We also liked Edition's updated effects interface, which now includes Bezier controls. Briefly, Bezier controls are handles that allow you to smooth the rate at which an effect is applied. As part of these controls, you can now insert parameter-specific keyframes, so you can control each parameter independently. For example, in previous versions of Edition, each keyframe controlled all adjustable parameters, which is less precise and more prone to error. The ability to insert parameter-specific keyframes is a great improvement that matches the capabilities of Premiere Pro and Final Cut Pro.

Note, however, that the Bezier controls are not available on all Edition effects, just the newer, real-time effects. In particular, they're not available on the classic 2D editor, which provides the best interface for adding pan-and-zoom effects to a still image.

Also new are Dynamic Timewarp effects, which allow you to change playback speeds gradually, which is much more elegant than abrupt changes from, say, 100% to 50% playback speed. However, finding the control is unnecessarily obtuse. You don't right-click and select Dynamic Timewarp, as you do with the linear timewarp control. Rather, first you select Linear Timewarp, then you right-click again and select "Edit Dynamic Timewarp."

This is totally unintuitive and guarantees that you'll need a trip to the manual to access this capability. Unfortunately, this is emblematic of how you access and control many of the program's more complex functions. Once you do find the Dynamic Timewarp controls, you open the bottom half of the interface with a small, unobtrusive triangle located atop the control. We found it right away, since we were on the phone with the product manager at the time, but unless you knew it was there, you would assume that the open controls are all that's available.

Fortunately, once you find all the controls, and play with them for a bit, you'll find the new feature quite capable, though we would have liked to find the same Bezier adjustments available on all of Edition's real-time effects. In addition, the control lacks preview capabilities, so you can't check your work without exiting the Effect Control window, rendering the effect and then playing it back.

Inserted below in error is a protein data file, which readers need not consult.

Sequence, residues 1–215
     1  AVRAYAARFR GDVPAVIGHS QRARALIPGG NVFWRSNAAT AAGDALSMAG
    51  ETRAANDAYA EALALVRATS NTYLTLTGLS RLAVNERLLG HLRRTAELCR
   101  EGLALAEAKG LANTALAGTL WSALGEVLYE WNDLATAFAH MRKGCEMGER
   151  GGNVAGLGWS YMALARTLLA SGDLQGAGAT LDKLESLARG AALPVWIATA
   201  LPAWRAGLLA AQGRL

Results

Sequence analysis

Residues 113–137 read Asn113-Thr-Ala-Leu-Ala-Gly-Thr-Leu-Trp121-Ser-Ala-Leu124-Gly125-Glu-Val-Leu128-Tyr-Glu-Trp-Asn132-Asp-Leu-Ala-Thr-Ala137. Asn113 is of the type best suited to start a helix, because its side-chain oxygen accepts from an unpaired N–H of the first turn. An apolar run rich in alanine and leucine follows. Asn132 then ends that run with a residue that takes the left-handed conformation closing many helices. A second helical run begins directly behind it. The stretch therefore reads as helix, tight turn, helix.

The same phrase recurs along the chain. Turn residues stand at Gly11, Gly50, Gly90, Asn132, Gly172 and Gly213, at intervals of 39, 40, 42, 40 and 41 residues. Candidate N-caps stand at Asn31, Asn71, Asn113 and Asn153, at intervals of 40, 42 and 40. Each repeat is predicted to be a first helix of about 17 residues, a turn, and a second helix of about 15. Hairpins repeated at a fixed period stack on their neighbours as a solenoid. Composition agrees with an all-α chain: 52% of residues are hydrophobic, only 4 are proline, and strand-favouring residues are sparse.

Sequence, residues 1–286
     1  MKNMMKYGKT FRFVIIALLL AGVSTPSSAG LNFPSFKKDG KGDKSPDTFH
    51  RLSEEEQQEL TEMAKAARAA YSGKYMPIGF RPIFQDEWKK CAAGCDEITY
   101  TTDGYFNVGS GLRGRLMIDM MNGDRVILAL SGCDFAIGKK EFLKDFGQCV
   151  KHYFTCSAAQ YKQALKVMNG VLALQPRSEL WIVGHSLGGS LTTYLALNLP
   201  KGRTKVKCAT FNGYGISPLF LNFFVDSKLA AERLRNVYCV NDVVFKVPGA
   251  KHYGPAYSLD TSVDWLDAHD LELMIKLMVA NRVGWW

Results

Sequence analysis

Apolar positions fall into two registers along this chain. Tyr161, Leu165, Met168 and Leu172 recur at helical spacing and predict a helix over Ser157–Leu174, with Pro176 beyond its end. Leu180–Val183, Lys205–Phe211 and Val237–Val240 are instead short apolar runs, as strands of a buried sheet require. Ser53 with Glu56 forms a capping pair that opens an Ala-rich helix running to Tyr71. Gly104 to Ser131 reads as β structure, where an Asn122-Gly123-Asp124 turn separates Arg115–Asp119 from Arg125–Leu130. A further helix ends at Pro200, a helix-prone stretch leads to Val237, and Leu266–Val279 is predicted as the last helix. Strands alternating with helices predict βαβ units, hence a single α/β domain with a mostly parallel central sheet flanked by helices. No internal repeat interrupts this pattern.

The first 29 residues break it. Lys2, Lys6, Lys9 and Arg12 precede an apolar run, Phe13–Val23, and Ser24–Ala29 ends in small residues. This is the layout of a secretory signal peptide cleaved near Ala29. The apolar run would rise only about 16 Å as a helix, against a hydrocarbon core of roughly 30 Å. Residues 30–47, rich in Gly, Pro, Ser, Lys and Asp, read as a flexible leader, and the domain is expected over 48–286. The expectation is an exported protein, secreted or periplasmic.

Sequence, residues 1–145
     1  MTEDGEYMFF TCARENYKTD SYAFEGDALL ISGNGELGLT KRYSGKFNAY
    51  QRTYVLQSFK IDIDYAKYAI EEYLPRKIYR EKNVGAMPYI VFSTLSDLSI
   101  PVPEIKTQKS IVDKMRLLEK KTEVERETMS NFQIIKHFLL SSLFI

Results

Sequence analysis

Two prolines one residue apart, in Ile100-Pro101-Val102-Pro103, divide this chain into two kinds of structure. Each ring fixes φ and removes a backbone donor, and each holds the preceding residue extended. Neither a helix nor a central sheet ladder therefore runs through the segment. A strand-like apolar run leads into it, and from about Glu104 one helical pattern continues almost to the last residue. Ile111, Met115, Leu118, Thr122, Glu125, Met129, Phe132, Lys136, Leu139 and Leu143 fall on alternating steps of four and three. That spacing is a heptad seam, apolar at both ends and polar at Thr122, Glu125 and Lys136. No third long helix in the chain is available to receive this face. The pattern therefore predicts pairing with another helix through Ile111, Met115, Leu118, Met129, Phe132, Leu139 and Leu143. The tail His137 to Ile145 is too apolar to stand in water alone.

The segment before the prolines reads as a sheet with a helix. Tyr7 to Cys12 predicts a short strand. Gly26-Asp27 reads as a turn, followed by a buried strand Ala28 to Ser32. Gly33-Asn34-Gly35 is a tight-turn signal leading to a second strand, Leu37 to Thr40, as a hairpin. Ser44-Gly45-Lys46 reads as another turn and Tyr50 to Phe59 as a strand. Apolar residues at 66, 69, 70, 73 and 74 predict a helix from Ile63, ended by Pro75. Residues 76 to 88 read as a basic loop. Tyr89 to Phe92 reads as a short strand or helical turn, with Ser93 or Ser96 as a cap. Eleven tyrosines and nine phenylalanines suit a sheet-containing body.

Other noteworthy new features include Track Effects, or the ability to apply one filter to an entire track, and the ability to create a matte track. There are also workgroup features that allowed shared access to networked assets, and multiple editors can simultaneously edit the same project.

More relevant to smaller producers are audio effects like a graphics equalizer, and the ability to produce both stereo and 5.1 surround sound audio. However, this was the only real improvement to Edition's DVD authoring interface, which remains overly complicated and inelegant compared to sibling Pinnacle Studio.

For a complete description of Edition's DVD authoring capabilities, check out our earlier review of Liquid Edition 5 [August 2003, pp. 39-43]. The short story is that the interface is clumsy and confusing, and lacks advanced capabilities like multiple audio tracks, playlists, and multiple text tracks.

Our other major complaint relates to Edition's compression controls, which also have seen little improvement. Though the program can output to all relevant formats, Edition provides little information regarding the preset you are choosing, and customization options are confusing.

Functional Tests
In other functional tests, we still found that Edition's automatic color correction facility performed better than Premiere Pro's, providing instant adjustments with near-perfect accuracy. Chromakey trials were mixed. We found Edition's new real-time chromakey interface simply incomprehensible and the help facility decidedly unhelpful. We switched to the "classic" interface which produced good results, about on par with Premiere Pro. Both features lack Premiere Pro's ability to preview out the FireWire port in real time, a decided negative.

In performance trials, Edition generally bested Premiere Pro, but it depended upon which preset we used and which output format we produced. For example, when we configured the timeline for DV production, Edition was ready to write to tape when we were, while Premiere Pro took 6:11 (min:seconds) to render.

When producing MPEG-2 files from the same preset, Edition took 14:53 to Premiere Pro's 12:24. In contrast, if we configured the sequence for MPEG-2 output, Edition took only 8:24 to produce the final file.

This leaves us with a capable, high-performance video editor that's wonderfully suited for demanding DV and especially HDV solutions. However, this raw horsepower is hampered by a challenging interface and weak authoring and output capabilities. Fortunately, with $300 programs like Ulead's DVD Workshop and Sonic Solutions' DVDit! available, as well as Sorenson Squeeze and Canopus Procoder for compression, you have other good options for these functions.

Other Companies Mentioned in this Article

Adobe Systems,
Apple Computer,
Canopus Corporation,
Dell Computer,
Sonic Solutions,
Sorenson Media,
Ulead Systems,